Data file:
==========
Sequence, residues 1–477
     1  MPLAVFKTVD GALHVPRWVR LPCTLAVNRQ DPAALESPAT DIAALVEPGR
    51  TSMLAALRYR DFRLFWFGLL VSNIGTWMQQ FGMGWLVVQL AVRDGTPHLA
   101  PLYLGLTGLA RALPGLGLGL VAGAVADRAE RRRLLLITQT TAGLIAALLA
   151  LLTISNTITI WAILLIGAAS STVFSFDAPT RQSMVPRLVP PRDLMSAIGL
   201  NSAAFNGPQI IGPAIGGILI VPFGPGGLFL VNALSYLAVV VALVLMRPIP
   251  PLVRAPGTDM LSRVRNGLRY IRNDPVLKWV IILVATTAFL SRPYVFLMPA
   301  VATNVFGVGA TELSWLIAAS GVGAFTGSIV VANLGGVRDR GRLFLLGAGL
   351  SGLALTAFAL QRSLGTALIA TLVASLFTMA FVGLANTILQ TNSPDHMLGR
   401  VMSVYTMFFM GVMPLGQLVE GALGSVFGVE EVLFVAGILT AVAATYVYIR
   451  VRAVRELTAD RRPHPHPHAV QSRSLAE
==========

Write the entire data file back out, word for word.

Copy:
Sequence, residues 1–477
     1  MPLAVFKTVD GALHVPRWVR LPCTLAVNRQ DPAALESPAT DIAALVEPGR
    51  TSMLAALRYR DFRLFWFGLL VSNIGTWMQQ FGMGWLVVQL AVRDGTPHLA
   101  PLYLGLTGLA RALPGLGLGL VAGAVADRAE RRRLLLITQT TAGLIAALLA
   151  LLTISNTITI WAILLIGAAS STVFSFDAPT RQSMVPRLVP PRDLMSAIGL
   201  NSAAFNGPQI IGPAIGGILI VPFGPGGLFL VNALSYLAVV VALVLMRPIP
   251  PLVRAPGTDM LSRVRNGLRY IRNDPVLKWV IILVATTAFL SRPYVFLMPA
   301  VATNVFGVGA TELSWLIAAS GVGAFTGSIV VANLGGVRDR GRLFLLGAGL
   351  SGLALTAFAL QRSLGTALIA TLVASLFTMA FVGLANTILQ TNSPDHMLGR
   401  VMSVYTMFFM GVMPLGQLVE GALGSVFGVE EVLFVAGILT AVAATYVYIR
   451  VRAVRELTAD RRPHPHPHAV QSRSLAE